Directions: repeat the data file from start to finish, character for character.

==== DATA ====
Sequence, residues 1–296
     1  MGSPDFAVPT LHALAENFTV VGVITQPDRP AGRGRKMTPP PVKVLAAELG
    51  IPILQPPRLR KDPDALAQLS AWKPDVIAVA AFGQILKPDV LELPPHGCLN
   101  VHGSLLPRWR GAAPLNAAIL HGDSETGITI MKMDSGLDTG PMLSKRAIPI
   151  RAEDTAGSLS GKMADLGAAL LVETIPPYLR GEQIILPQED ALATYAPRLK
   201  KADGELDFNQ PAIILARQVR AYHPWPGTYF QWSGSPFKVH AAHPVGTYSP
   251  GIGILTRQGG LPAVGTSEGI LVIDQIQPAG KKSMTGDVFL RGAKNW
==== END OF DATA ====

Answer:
Sequence, residues 1–296
     1  MGSPDFAVPT LHALAENFTV VGVITQPDRP AGRGRKMTPP PVKVLAAELG
    51  IPILQPPRLR KDPDALAQLS AWKPDVIAVA AFGQILKPDV LELPPHGCLN
   101  VHGSLLPRWR GAAPLNAAIL HGDSETGITI MKMDSGLDTG PMLSKRAIPI
   151  RAEDTAGSLS GKMADLGAAL LVETIPPYLR GEQIILPQED ALATYAPRLK
   201  KADGELDFNQ PAIILARQVR AYHPWPGTYF QWSGSPFKVH AAHPVGTYSP
   251  GIGILTRQGG LPAVGTSEGI LVIDQIQPAG KKSMTGDVFL RGAKNW